After returning to the United States, Morton was a candidate for U.S. Senator in 1885. [2] He lost the Republican nomination to William M. Evarts, who went on to win election by the full New York State Legislature. [2] He was again a candidate in 1887. [2] Republicans controlled the legislature, meaning their nominee would win the election. [2] Incumbent Warner Miller was recognized as a member of the Half-Breed faction, while state Republican boss Thomas C. Platt was a Stalwart, and had been succeeded in the Senate by Miller in 1881. Platt was determined to see Miller defeated, and backed Morton, a fellow Stalwart. A third candidate, Frank Hiscock, was not affiliated with either faction and had little initial support. After 17 ballots failed to produce a nominee, Morton withdrew and asked his supporters to back Hiscock. [2] Hiscock was chosen on the 18th ballot, and won the election by defeating Democrat Smith Mead Weed.

Vice President

From 1889 until 1895, Morton lived at this residence in Washington, DC. Levi P. Morton House.JPG
From 1889 until 1895, Morton lived at this residence in Washington, DC.

Morton was elected Vice President of the United States, on the Republican ticket with President Benjamin Harrison, in which capacity he served from March 4, 1889 to March 4, 1893. [2] During his term, Harrison tried to pass the Lodge Bill, an election law enforcing the voting rights of blacks in the South; the billed failed because Morton did little in his role as the Senate's presiding officer to support the bill against a Democratic filibuster. [9] Harrison blamed Morton for the bill's eventual failure, and at the Republican convention prior to the 1892 election, Morton decided not to run for a second term and was replaced by Whitelaw Reid as the vice-presidential candidate. [10] Harrison and Reid went on to lose the 1892 election, to Grover Cleveland and Adlai E. Stevenson, the Democratic candidates.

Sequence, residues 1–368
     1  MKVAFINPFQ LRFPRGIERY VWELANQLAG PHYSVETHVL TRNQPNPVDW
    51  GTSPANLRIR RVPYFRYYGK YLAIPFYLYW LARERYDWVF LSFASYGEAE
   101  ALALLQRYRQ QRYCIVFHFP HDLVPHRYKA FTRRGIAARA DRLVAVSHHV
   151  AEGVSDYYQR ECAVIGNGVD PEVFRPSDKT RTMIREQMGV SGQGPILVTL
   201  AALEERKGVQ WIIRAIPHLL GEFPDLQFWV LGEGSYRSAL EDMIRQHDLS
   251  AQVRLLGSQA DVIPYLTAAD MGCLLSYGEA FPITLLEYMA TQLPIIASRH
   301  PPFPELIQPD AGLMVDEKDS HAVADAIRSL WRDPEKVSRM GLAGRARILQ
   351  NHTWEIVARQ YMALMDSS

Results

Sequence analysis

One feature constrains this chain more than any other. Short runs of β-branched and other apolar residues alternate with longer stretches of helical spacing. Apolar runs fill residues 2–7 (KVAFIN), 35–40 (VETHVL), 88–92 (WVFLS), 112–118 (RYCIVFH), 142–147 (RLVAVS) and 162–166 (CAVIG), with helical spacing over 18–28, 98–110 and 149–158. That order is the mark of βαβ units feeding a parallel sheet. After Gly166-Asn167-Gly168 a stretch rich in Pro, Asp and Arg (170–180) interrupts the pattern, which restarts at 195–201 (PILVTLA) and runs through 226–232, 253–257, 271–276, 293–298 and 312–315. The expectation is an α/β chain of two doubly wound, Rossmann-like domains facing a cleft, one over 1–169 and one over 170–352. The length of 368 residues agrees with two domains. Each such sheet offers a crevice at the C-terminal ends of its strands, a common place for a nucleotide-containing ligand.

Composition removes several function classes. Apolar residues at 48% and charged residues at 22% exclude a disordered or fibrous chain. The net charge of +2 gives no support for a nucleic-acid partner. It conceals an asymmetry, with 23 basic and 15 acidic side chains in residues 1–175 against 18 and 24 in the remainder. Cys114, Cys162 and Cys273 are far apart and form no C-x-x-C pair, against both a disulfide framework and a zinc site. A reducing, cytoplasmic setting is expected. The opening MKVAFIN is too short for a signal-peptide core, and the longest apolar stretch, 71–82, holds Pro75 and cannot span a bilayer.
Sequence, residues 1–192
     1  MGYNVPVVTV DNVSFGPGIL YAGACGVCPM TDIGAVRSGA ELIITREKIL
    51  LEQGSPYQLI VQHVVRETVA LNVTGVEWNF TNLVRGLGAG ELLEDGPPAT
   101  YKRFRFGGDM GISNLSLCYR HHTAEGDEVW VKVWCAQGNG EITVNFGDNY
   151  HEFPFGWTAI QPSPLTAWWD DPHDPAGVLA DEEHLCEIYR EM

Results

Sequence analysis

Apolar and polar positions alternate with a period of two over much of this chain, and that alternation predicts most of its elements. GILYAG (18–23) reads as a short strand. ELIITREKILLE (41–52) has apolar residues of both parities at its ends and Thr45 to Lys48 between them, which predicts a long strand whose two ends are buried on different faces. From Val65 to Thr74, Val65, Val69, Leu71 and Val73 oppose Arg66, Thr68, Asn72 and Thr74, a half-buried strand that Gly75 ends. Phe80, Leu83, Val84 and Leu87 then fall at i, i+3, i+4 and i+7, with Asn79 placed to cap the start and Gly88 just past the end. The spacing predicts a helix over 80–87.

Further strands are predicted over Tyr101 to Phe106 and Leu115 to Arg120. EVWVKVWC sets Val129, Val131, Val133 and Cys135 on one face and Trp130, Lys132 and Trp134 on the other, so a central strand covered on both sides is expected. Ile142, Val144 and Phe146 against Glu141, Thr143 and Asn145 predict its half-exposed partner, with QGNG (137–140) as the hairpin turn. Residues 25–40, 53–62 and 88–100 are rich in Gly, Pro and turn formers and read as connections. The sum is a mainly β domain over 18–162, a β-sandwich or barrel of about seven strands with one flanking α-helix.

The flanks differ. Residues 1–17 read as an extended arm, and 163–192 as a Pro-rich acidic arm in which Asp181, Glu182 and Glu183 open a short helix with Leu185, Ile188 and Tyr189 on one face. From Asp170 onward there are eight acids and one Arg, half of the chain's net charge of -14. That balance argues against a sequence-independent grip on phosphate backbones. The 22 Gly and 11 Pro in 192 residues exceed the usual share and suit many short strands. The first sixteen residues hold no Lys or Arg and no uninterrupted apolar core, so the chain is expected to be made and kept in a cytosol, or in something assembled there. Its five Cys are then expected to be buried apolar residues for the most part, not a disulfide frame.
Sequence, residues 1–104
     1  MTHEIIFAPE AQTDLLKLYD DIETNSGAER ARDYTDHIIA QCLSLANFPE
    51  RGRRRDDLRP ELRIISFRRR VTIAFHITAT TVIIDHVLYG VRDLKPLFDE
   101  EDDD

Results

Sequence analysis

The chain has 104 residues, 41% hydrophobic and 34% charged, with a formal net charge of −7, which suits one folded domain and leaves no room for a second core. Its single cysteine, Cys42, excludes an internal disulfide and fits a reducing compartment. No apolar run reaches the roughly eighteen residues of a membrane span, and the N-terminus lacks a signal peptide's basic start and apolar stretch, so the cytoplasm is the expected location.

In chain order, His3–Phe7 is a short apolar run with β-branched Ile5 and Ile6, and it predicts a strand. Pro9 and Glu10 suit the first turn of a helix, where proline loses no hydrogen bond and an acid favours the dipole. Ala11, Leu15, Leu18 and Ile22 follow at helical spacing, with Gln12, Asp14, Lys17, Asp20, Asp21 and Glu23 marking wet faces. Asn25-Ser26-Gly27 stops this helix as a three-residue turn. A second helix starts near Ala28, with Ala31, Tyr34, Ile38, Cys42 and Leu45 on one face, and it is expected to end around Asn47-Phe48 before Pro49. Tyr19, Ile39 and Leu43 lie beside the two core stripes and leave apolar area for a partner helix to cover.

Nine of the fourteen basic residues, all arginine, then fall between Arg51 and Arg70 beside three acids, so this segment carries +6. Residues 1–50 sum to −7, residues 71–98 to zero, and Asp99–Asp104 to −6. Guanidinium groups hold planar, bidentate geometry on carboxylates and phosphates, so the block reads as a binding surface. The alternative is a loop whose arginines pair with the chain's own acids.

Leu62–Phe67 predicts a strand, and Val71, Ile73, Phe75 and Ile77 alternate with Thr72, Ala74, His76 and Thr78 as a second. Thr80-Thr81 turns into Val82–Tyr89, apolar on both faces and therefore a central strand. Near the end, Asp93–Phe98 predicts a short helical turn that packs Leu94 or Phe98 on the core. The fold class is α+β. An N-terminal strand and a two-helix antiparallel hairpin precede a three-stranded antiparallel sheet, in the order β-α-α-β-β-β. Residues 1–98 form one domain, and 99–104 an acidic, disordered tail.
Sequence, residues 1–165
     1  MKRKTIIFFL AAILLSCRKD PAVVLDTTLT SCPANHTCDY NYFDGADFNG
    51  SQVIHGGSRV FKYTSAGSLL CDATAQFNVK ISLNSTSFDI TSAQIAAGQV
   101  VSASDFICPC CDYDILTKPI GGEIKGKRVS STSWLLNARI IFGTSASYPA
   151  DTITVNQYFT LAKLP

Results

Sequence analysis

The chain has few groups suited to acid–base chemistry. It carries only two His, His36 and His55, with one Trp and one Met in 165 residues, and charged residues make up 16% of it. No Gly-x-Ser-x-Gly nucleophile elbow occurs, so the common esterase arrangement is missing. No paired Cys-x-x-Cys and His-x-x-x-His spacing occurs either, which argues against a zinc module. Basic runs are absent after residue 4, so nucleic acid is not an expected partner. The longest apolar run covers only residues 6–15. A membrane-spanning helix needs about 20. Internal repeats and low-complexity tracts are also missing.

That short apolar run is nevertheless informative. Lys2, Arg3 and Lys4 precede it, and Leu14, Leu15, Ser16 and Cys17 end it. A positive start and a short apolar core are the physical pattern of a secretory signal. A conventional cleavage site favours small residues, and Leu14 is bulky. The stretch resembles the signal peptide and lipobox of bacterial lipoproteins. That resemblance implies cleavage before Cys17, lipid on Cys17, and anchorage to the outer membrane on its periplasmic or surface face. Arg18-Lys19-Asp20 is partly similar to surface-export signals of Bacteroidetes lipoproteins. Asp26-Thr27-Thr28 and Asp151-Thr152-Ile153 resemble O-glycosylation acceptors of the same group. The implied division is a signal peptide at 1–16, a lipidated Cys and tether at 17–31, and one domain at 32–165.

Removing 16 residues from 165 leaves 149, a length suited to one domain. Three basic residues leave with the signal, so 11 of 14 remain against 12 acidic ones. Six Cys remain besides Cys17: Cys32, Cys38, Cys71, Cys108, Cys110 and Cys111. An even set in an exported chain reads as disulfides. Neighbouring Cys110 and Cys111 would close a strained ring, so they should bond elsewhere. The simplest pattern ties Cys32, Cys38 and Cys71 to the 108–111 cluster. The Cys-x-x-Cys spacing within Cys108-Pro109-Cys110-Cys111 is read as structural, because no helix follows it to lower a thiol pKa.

Governor of New York

Gubernatorial portrait of Levi P. Morton LMorton.png
Gubernatorial portrait of Levi P. Morton

In 1894, Morton was elected governor of New York, defeating Democratic nominee David B. Hill and several minor-party candidates. [2] He served one two-year term, and focused his efforts on initiatives including road construction and civil-service reform. He was a leading contender for the Republican presidential nomination in 1896, but the delegates chose William McKinley. He was then considered for the vice presidential nomination, but McKinley's campaign manager, Mark Hannah, was opposed and the nomination went to Garret Hobart. After Morton completed his term as governor, he became a real estate investor and was active in other business ventures. [6]

Later life

In 1890, he became one of the first members of the District of Columbia Society of the Sons of the American Revolution. He was assigned national society membership number 1838 and district society number 38. He was also a member of the General Society of Colonial Wars. [11]